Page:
What will I get from SSS as my Retirement Benefit if my total number of monthly contributions is less than the required 120 to qualify for pension?
You have 2 options:
. File your claim upon turning 60. You will get a Lump Sum, a one time payment of benefit. The amount is equal to the total of all your monthly contributions (including all your employers’ contributions to your account) plus interest.
Once you claim it, there will be no more benefit from SSS that you can claim. The only one benefit remaining is your Funeral Benefit, which will be claimed by your heirs after your death.
. Choose to continue paying your contributions to complete the required 120 contributions. This is only viable if you have already accumulated more than 60 contributions. You must be able to accumulate 120 contributions before you turn 65, the mandatory age of retirement.
See below some notes about Philippine SSS pension for Filipino immigrants:
1. Basically, a Filipino immigrant is still a Filipino citizen.
Republic Act No. 9225, known as the Citizenship Retention and Reacquisition Act of 2003, declares that natural-born citizens of the Philippines who become citizens of another country shall be deemed not to have lost their Philippine citizenship.
If you like to formalize your dual citizenship, here’s the process as described in the Bureau of Immigration website, or you can go to the website of the Philippine Consulate in Los Angeles, California, which gives more detailed information.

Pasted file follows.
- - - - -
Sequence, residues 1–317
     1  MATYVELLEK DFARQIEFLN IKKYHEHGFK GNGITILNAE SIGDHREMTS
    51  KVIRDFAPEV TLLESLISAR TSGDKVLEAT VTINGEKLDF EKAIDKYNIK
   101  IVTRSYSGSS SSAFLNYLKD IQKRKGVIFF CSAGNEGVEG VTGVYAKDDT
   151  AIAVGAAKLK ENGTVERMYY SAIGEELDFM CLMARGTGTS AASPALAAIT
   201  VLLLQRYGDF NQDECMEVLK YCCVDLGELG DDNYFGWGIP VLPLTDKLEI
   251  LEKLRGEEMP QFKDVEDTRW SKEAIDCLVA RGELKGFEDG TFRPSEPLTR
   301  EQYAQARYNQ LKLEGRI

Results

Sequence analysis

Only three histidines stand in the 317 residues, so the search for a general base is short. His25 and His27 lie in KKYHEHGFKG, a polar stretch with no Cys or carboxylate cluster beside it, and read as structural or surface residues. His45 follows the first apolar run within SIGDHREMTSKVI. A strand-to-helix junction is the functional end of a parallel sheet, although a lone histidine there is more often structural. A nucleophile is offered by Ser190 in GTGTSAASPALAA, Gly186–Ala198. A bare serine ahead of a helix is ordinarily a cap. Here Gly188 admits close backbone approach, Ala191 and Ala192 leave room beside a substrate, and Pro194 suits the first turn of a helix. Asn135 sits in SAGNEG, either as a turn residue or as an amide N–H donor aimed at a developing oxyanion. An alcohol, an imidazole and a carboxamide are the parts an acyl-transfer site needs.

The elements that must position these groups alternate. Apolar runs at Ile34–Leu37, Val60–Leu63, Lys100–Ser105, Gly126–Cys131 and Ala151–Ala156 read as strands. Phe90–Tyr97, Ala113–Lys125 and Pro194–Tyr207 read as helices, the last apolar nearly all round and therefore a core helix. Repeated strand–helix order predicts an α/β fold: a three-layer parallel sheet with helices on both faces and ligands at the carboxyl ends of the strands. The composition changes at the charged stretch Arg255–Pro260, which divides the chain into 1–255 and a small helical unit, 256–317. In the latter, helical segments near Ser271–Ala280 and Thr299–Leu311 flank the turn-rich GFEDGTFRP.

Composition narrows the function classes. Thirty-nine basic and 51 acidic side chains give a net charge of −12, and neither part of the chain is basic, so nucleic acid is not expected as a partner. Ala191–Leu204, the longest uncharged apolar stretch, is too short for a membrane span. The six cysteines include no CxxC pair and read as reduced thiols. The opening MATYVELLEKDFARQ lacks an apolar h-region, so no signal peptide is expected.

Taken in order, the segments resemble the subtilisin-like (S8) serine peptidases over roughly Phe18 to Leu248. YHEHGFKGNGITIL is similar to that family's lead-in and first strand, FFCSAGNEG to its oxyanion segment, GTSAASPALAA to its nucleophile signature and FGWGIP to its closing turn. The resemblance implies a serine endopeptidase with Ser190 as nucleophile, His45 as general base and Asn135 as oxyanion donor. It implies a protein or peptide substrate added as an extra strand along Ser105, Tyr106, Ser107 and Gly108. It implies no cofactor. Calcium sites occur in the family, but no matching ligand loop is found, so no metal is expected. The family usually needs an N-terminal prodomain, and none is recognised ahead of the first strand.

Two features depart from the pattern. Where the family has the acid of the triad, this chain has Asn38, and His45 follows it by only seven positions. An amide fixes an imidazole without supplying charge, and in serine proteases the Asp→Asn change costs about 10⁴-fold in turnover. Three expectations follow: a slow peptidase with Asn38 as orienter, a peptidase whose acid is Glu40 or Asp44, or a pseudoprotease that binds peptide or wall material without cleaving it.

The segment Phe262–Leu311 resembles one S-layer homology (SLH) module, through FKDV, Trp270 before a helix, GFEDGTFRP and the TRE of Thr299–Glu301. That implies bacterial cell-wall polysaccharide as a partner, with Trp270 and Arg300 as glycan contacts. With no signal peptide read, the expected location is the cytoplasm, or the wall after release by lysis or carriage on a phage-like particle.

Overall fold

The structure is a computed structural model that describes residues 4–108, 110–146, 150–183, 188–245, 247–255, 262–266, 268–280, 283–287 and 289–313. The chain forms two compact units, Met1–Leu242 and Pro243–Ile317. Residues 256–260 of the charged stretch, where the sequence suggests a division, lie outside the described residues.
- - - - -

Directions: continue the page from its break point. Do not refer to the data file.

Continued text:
2. There are already many Filipinos who have been naturalized citizens of other countries that have been receiving their Philippine SSS pensions monthly.
Filipino pensioners abroad have been filing their ACOP or Annual Confirmation of Pensioner’s Form every year on their birthday month. Many have been using Visa debit cards to receive their SSS pension monthly. Recently, it’s Chinatrust (now CTBC Philippines) that has been issuing Visa debit cash cards for SSS pension withdrawals abroad.
3. Here’s the case of Philippine SSS pensioner in the UK, Mrs. Epigenia Belarmino.
As published by UK-based Pinoy new site AdoboRice, Mrs. Belarmino, a British citizen living in the UK, received her lumpsum benefit of 332,817.12 pesos in 2012, representing the total of her monthly pensions for 5 years, which accumulated because she filed at age 70. She also started receiving her monthly pension of 3,513.84, which will be for life. She was thankful to the SSS office at the Philippine Embassy in London for helping her process her Philippine SSS pension.
While working in the Philippines from August 1957 to July 1977, Mrs. Belarmino paid contributions to the SSS, accumulating a total of 20 credited years and total contributions of 3,176.06 pesos.
4. Section 15 of the 1997 Philippine SSS Law, RA 8282, states that the SSS may pay benefits without regard to nationality or country of residence. It also implies that a national of a foreign country can receive SSS benefits as long as his or her country is recognized by the Philippines and is also extending benefits to Filipino beneficiaries in the Philippines.